Combining in situ measurements and altimetry to estimate volume, heat and salt transport variability through the Faroe–Shetland Channel

Barbara Berx, Bogi Hansen, Svein Østerhus, Karin Margretha Larsen, Toby Sherwin, Kerstin Jochumsen

Research output: Contribution to journalArticlepeer-review

1 Downloads (Pure)

Abstract

From 1994 to 2011, instruments measuring ocean currents (Acoustic Doppler Current Profilers; ADCPs) have been moored on a section crossing the Faroe–Shetland Channel. Together with CTD (Conductivity Temperature Depth) measurements from regular research vessel occupations, they describe the flow field and water mass structure in the channel. Here, we use these data to calculate the average volume transport and properties of the flow of warm water through the channel from the Atlantic towards the Arctic, termed the Atlantic inflow. We find the average volume transport of this flow to be 2.7 ± 0.5 Sv (1 Sv = 106 m3 s–1) between the shelf edge on the Faroe side and the 150 m isobath on the Shetland side. The average heat transport (relative to 0 °C) was estimated to be 107 ± 21 TW (1 TW = 1012 W) and the average salt import to be 98 ± 20 × 106 kg s−1. Transport values for individual months, based on the ADCP data, include a large level of variability, but can be used to calibrate sea level height data from satellite altimetry. In this way, a time series of volume transport has been generated back to the beginning of satellite altimetry in December 1992. The Atlantic inflow has a seasonal variation in volume transport that peaks around the turn of the year and has an amplitude of 0.7 Sv. The Atlantic inflow has become warmer and more saline since 1994, but no equivalent trend in volume transport was observed.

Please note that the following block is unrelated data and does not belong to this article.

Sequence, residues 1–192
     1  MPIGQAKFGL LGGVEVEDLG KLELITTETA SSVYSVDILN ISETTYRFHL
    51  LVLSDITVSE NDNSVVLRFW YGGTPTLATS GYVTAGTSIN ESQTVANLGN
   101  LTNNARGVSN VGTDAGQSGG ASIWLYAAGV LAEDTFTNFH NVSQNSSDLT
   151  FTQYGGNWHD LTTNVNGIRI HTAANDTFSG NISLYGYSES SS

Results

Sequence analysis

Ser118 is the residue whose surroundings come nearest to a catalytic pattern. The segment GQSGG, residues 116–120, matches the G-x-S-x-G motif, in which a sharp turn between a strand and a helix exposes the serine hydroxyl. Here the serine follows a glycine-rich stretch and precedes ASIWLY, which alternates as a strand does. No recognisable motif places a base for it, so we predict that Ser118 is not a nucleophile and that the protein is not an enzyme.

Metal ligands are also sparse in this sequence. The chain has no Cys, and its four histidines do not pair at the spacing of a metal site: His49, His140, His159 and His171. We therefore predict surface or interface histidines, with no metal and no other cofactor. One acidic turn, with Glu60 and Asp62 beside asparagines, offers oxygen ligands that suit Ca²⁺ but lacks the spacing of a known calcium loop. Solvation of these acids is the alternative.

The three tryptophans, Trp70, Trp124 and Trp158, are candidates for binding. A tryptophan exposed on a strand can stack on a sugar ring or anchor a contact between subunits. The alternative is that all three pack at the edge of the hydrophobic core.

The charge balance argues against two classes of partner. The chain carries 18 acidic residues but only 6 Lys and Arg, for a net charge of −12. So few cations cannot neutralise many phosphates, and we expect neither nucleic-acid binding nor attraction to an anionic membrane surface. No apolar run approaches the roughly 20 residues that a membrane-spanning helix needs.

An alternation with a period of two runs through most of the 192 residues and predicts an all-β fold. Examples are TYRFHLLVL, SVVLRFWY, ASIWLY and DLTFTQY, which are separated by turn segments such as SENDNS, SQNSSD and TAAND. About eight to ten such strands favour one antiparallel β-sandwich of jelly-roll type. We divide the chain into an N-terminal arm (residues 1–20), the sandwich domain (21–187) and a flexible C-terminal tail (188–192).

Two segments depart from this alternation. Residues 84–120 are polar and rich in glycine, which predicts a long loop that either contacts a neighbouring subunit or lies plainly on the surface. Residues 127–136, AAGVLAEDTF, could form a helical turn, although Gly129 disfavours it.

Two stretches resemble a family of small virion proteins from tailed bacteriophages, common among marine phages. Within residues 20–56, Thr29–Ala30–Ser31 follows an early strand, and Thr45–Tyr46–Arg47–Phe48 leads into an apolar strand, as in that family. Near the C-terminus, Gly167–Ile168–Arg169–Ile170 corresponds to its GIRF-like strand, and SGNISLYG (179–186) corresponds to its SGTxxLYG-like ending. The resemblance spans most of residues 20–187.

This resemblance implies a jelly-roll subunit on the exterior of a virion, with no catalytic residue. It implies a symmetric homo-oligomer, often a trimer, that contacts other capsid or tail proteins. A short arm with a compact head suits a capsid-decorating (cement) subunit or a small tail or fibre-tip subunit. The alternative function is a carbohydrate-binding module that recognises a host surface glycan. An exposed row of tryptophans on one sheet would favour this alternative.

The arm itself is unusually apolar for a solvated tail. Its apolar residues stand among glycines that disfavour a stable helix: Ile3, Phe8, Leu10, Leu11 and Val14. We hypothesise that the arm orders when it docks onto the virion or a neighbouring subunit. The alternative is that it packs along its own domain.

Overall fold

Original languageEnglish
Pages (from-to)639-654
Number of pages16
JournalOcean Science
Volume9
Issue number4
DOIs
Publication statusPublished - 9 Jul 2013

Keywords

  • Oceanography
  • Volume fluxes
  • Faroe-Shetland Channel

Fingerprint

Dive into the research topics of 'Combining in situ measurements and altimetry to estimate volume, heat and salt transport variability through the Faroe–Shetland Channel'. Together they form a unique fingerprint.

Cite this